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The majority of vaccinated people who were admitted to hospital for covid-19 were probably infected shortly before or around the time of their vaccination, highlighting the importance of maintaining social distancing and understanding that immunity develops over time, researchers have said.1
The International Severe Acute Respiratory Infection Consortium Clinical Characterisation Protocol (ISARIC4C), which is funded by UK Research and Innovation and the National Institute for Health Research, analysed UK hospital admissions after the start of the covid-19 vaccination rollout. As of 10 April 2021, 3842 (7.3%) of the 99 445 inpatients enrolled in the study had been vaccinated.
Looking at symptomatic patients, the researchers found that 40% (729) developed covid-19 symptoms 0-7 days post-vaccination. A further 19% (352) developed symptoms 8-14 days post-vaccination. The median incubation period for SARS-CoV-2 is around five days, meaning it is likely that many of these patients were infected before immunity developed.
High risk groups
The report said it was possible that “elderly and vulnerable people who had been shielding may have inadvertently been exposed and infected either through the end-to-end process of vaccination, or shortly after vaccination through behavioural changes where they wrongly assume they are immune.”
However, 12% (211) showed symptoms 15-21 days after vaccination and 29% (526) more than 21 days after vaccination. These cases could be due to vaccination failure, meaning that the vaccine failed to provide the person with immunity. The team emphasised that this was not an unexpected finding, as the vaccines were not 100% effective, and that the absolute numbers of vaccinated people being admitted to hospital 21 days after their first dose were “tiny.”
The researchers reported that, among the people who developed symptoms more than 21 days post-vaccination, 113 (of 400) died with covid-19 (28%). Of these, 82 were in the “frail elderly” group. The report said, “Mortality appears to remain high for people in high risk vaccination tiers who are admitted to hospital with SARS-CoV-2 infection despite vaccination 21 day or more previously.”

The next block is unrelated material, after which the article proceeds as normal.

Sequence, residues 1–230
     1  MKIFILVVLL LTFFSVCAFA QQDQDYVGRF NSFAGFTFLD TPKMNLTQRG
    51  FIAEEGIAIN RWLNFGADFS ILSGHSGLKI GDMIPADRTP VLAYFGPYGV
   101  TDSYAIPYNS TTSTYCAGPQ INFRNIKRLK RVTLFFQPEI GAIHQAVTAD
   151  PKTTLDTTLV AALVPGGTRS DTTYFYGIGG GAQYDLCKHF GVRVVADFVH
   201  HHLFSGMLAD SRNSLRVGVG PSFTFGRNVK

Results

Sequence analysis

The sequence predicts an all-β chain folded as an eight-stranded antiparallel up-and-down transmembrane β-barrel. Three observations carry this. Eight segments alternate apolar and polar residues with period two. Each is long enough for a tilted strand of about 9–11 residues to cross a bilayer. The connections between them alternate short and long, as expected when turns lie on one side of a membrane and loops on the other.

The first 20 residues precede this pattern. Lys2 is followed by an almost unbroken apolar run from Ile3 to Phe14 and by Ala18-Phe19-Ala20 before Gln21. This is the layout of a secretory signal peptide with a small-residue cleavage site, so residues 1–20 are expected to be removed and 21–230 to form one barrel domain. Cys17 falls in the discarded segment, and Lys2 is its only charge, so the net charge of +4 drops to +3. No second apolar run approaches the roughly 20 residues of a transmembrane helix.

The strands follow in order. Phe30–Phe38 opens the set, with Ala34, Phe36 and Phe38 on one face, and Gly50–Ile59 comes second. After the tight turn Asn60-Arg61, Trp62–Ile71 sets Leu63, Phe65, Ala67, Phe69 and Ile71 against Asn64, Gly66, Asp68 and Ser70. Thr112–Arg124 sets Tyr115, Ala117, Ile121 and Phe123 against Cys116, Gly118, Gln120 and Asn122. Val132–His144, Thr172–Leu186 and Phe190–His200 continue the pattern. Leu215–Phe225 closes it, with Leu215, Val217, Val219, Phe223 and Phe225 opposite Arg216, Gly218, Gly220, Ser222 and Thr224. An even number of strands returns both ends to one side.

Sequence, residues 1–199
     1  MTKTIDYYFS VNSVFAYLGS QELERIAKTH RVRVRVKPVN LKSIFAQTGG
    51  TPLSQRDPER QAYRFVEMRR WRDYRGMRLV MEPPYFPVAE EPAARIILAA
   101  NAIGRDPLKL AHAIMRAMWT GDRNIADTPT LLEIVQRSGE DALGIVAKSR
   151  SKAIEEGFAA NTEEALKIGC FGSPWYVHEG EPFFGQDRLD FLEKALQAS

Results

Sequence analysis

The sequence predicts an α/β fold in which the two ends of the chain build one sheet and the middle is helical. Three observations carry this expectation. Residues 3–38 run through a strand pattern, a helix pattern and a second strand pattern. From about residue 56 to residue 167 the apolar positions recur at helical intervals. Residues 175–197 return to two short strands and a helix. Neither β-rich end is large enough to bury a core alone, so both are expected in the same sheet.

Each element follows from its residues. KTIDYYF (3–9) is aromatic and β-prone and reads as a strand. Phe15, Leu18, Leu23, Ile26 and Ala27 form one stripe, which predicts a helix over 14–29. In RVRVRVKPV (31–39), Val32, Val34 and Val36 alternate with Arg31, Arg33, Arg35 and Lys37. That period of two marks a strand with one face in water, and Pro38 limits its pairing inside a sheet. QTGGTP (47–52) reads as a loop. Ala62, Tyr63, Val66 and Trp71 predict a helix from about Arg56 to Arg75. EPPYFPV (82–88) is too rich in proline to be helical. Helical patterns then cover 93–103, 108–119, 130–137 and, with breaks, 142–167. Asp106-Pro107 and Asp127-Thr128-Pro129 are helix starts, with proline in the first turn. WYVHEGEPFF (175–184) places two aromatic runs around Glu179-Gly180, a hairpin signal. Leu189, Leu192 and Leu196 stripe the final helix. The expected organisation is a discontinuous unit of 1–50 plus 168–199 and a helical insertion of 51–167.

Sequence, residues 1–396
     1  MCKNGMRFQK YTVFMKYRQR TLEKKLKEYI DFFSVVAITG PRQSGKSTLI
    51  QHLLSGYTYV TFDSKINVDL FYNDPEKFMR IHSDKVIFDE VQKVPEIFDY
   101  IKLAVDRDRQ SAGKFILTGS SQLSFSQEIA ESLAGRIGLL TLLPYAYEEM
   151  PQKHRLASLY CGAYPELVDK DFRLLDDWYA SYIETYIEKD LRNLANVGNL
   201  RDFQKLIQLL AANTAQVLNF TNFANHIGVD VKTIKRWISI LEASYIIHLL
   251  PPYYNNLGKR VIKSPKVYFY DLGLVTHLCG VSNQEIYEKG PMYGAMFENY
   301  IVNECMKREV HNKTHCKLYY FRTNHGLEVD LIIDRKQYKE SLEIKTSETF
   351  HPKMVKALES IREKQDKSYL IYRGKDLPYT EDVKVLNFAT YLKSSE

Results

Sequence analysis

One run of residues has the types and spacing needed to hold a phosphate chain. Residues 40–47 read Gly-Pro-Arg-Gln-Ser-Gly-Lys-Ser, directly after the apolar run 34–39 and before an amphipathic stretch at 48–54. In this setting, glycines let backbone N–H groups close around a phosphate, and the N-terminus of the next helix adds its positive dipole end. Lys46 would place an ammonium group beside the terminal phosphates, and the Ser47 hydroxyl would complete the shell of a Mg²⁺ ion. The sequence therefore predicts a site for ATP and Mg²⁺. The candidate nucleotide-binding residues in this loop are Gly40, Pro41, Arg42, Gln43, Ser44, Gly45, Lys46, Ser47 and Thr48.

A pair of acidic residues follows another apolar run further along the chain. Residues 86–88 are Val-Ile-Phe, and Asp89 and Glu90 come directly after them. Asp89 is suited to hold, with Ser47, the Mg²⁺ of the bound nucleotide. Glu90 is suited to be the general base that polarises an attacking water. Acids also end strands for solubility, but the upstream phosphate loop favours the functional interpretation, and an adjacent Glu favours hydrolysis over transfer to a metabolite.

Deborah Dunn-Walters, chair of the covid-19 taskforce at the British Society for Immunology and professor of immunology at the University of Surrey, said, “According to this paper, the majority of hospitalisations for covid-19 post-vaccination take place in this 1-14 day window when protection from the vaccine is not yet fully active. This shows the importance of maintaining social distancing, even after vaccination, to minimise the risk of contracting SARS-CoV-2 before your immune protection is active.
“A very small number of people were hospitalised 21 days post-vaccination, and it’s these people that we need to examine in more detail to understand why the vaccine did not afford them full protection.”
Researchers noted a number of limitations to the report, including that not all admitted patients were enrolled in the study and that vaccinated patients may be over-represented owing to the recruitment strategy. Additionally, the absolute numbers are very low, and analysis accounting for characteristics such as sex and ethnicity have not yet been performed.
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Créditos: Comité científico Covid